Internet Explorer 9: the best and worst features
The beta version of Microsoft Internet Explorer 9 has only been available for two weeks, but we've been using it constantly during web browsing sessions since then. We discovered six things we really love about the new web browser... and six that we think need some work before the final version is released.
Six things about IE9 that could use some work...
1. Crowded user interface
To be sure, there is much more screen real estate devoted to displaying a web page. But this is simply the way IE9 looks under its default setting. Wait until you activate the Favourites bar and Command bar, both of which will take up space below the URL address/tabs bar. In addition, the status bar takes up additional space running along the bottom.
The problem is the combined URL address/tabs bar. Both functions share the same bar. If you keep more than a couple of tabs open at once (which most of us do), the tabs start to narrow and things can become cramped quickly.
Additionally, when you have either the Favourites or Command bar turned on, the graphical design of an active, selected tab doesn't look like it's directly connected to the web page you're viewing.
2. Wonky colour coding
We found the colour labelling of tabs to be enigmatic. When we had multiple tabs open, they would sometimes become coloured differently, such as light blue, green, violet or yellow, along with shifting gradients of these hues. Even when the pages were fully loaded, these colours remained. What do they represent? Their purpose is not obviously presented, and we shouldn't have to look this information up.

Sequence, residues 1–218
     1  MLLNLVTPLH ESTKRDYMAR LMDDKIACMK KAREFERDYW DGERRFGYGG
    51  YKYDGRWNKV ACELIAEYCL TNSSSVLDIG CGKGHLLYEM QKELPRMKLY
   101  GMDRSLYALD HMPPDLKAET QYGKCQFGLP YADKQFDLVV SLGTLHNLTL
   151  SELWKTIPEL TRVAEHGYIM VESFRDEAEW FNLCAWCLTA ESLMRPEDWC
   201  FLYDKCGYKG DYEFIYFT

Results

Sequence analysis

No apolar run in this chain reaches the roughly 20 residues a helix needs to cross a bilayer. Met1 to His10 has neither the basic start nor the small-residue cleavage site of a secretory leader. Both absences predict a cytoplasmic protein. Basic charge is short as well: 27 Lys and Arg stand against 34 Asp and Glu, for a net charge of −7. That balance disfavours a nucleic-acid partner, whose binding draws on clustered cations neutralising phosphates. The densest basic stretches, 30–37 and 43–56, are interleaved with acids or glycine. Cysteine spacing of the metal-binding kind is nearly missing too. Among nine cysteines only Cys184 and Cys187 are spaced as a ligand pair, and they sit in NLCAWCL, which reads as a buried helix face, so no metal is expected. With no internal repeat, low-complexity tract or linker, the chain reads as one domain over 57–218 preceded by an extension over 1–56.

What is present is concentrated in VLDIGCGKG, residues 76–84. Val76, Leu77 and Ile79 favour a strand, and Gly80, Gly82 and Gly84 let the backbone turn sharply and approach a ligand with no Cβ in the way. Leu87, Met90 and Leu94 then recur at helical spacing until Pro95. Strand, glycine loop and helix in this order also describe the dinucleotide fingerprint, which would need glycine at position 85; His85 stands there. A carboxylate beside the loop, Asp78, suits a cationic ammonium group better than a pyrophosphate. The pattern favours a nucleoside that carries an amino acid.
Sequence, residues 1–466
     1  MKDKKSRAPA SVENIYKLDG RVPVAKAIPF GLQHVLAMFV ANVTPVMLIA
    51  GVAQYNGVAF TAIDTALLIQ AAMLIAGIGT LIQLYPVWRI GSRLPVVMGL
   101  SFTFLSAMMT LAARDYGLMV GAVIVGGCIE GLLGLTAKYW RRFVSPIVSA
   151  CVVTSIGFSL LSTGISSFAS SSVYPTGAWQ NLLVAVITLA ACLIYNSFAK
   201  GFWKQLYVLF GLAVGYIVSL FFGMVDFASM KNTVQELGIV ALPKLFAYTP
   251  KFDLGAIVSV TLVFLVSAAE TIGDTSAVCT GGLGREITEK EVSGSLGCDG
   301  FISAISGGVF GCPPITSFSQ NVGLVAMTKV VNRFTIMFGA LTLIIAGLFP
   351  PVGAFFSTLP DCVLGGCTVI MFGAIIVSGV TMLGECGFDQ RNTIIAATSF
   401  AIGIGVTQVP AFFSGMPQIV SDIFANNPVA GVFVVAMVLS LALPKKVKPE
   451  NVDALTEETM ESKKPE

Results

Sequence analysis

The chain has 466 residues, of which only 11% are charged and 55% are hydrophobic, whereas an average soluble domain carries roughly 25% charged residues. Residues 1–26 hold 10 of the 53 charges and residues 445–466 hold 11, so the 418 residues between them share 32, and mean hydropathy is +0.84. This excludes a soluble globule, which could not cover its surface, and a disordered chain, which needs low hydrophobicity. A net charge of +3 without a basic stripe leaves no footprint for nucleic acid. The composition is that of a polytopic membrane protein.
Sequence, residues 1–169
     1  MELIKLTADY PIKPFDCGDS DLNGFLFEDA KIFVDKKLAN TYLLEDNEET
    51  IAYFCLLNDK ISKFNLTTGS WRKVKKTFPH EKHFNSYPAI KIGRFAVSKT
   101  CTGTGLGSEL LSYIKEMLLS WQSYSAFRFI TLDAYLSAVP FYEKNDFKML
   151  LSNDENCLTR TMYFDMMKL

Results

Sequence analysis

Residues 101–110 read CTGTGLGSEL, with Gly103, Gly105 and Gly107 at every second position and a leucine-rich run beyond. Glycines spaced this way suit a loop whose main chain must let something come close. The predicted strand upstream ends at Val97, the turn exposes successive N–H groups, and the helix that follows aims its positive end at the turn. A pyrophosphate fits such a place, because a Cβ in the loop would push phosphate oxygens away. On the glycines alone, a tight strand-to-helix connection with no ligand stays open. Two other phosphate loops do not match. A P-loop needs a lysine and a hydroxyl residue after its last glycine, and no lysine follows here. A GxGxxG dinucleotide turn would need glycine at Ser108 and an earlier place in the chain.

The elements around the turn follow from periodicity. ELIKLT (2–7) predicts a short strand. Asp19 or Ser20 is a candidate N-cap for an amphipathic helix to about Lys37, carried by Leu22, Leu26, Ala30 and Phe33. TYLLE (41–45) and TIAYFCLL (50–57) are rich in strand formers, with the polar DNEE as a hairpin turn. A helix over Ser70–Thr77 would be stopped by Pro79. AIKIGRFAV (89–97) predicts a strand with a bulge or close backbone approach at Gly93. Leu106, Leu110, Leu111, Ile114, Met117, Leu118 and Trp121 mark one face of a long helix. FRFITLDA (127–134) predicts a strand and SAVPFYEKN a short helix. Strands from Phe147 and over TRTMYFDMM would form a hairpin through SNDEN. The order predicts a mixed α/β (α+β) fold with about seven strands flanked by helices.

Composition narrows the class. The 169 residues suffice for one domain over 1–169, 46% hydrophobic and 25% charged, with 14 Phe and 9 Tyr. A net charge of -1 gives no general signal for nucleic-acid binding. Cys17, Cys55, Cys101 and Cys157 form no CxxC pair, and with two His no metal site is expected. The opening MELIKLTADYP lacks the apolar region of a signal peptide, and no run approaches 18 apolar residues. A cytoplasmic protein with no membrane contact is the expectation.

3. The new 'dialer' page
IE9 includes a 'dialer' page, an idea popularised with Opera. Every blank tab you open shows thumbnails of the 10 sites IE9 deems you tend to visit most. Clicking a thumbnail opens a new tab connecting you to that site.
However, like the colour coding system applied to tabs, the additional graphical information shown in this feature is ill-defined. Each thumbnail has a bar below it, and this bar's length is based on the site's supposed status ('very active', 'active' and 'less active'). Huh? We'll assume this reflects the amount of memory, CPU cycles, or karma points each page uses, but this isn't clearly stated.
Worse, the colour of the bar below a thumbnail is meaningless - it is pulled from one of the colours used for the website's favicon and, otherwise, does not appear to convey any important technical information.
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